Stand chickie

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9 comments on this post.
  1. Thaddeus Cowan:

    The origin of “hickory, dickory, dock” from the nursery rhyme.

    An old and rustic way of counting went:
    wan, twan, tethera, methera, pimp
    sethera, lethera, bovera, dovera, dick
    wanadick, twanadick…

    From which we get “hickory, dickory, dock.”
    (See Conway, J. and Guy, R, 1996, “The Book of Numbers” p.2 for a complete explanation.

  2. Messman:

    You forgot to mention “The jig is up!”

  3. dcase:

    I work in the prison system in Texas where offenders still “run jiggers” or watch for approaching authority.

  4. Brooklyn in da House:

    In 1960’s Brooklyn, one kid would “keep chickie” while the other kids went into the lobby to share a cigarette.

    In the film version of the Blackboard Jungle, the delinquents are smoking in the bathroom. When the teacher comes in, one says “Chickie”.

    I didn’t know this was specialized slang until I said “Chickie” to co-workers and they looked at me like I was nuts.

  5. Gigi:

    Phrase “chickee the cop” predates 1930. My mother born in 1917 in Brooklyn, N.Y. recounts that at age 8 or 9 she and other little ones often helped the older boys who would be pitching pennies in the alley (considered illegal gambling at the time). My Mom and others would be the look-out for the older kids, warning “chickee the cop” whenever a policeman was near. However, unbeknownst to the older kids, my Mother or her friends would “snitch” to the cop and then feign a sincere warning. Frequently after the boys “got busted” the patrol officer would divide up the coins and give them to my Mom and her little friends.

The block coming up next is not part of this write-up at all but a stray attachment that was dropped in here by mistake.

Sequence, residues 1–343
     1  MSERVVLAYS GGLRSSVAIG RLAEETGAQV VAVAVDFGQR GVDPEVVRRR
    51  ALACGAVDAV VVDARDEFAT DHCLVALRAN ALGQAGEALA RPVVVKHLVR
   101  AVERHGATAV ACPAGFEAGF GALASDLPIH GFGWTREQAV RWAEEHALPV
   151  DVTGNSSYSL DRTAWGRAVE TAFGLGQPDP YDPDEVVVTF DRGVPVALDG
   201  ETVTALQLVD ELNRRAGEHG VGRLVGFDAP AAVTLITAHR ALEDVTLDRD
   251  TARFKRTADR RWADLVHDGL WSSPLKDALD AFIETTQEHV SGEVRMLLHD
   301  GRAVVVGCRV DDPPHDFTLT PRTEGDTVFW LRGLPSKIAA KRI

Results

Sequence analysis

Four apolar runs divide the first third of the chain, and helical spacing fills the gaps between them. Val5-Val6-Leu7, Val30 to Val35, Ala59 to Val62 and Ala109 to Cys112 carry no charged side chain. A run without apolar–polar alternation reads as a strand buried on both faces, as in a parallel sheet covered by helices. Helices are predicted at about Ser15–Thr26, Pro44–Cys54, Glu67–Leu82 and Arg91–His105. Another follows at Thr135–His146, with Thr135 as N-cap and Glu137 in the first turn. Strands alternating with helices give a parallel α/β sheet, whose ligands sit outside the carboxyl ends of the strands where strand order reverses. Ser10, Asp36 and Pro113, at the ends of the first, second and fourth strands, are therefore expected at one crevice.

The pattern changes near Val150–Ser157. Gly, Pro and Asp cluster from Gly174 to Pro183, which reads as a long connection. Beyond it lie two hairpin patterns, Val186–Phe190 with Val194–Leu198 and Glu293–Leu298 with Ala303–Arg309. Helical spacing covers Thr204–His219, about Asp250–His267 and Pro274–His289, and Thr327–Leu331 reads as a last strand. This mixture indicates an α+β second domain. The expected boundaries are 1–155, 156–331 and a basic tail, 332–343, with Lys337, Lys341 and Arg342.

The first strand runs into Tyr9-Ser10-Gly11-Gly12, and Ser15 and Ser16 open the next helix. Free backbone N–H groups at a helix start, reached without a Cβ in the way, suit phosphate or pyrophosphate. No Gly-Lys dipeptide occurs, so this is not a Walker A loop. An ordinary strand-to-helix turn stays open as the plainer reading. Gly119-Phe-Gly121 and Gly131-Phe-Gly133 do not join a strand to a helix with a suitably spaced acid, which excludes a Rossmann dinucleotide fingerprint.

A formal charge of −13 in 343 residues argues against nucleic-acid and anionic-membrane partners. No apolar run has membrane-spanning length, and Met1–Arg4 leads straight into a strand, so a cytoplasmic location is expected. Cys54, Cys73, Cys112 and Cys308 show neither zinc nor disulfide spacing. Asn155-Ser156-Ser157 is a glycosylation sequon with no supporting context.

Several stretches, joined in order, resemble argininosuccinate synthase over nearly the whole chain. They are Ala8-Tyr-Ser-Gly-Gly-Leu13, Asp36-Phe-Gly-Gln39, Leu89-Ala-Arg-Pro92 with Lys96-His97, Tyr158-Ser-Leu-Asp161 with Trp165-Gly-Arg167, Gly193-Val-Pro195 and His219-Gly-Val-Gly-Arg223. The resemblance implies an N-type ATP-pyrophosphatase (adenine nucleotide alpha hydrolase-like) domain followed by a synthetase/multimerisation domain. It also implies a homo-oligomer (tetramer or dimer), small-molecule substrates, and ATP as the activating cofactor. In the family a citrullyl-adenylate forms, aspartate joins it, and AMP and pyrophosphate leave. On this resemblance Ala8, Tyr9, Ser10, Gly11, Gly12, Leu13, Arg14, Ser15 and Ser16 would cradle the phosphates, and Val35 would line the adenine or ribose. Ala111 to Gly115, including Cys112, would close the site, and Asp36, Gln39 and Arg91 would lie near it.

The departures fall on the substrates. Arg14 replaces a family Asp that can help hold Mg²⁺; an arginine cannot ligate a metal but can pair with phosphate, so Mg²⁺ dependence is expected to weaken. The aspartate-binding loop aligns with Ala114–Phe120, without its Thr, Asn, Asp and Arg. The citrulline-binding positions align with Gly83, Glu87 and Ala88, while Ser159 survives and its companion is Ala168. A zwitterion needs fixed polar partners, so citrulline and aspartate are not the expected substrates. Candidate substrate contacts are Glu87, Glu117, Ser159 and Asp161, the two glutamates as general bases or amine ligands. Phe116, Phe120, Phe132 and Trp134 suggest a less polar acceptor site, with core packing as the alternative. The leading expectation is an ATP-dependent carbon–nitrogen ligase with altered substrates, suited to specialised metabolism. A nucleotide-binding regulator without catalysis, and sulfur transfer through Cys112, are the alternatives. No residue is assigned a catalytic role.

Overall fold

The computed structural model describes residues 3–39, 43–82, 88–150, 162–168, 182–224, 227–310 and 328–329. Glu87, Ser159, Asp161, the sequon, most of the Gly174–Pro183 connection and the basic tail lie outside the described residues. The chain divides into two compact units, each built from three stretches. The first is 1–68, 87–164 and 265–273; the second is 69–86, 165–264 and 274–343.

6. Kaleberg:

    I’ve only heard “stand chickie” once. My father used it when he needed to go and there was only a woman’s room available. He wanted me to keep any woman from entering while he was in there. I’m pretty sure it was slang from his college days, the 1930s. I assumed “chickie” referred to watching out for “chicks”, women, but it sounds like it was a more general way of saying “stand guard”.

  7. Barbara:

    I worked in a reformatory in Warwick, NY in 1968. The kids were from NYC and often talked about “keeping chickie.” It meant being on the lookout.

  8. Jimmy:

    Growing up in NYC in the late fifties early sixties “playing chickie” was to be a lookout for the cops. All of my friends used it also… so it was a common term passed down thru generations. I’ve lived in many places in the US and the only place I’ve ever heard it used was NYC.

  9. Tim:

    My Dad grew up in South Boston in the 1920s, 30s and early 40s. He used to say “Chiggy the cops” in a joking way whenever he saw a police car. He may have been saying “chickie” and I misheard. Anyway, he explained that he and his friends in Southie would say it as a warning that the cops were near.

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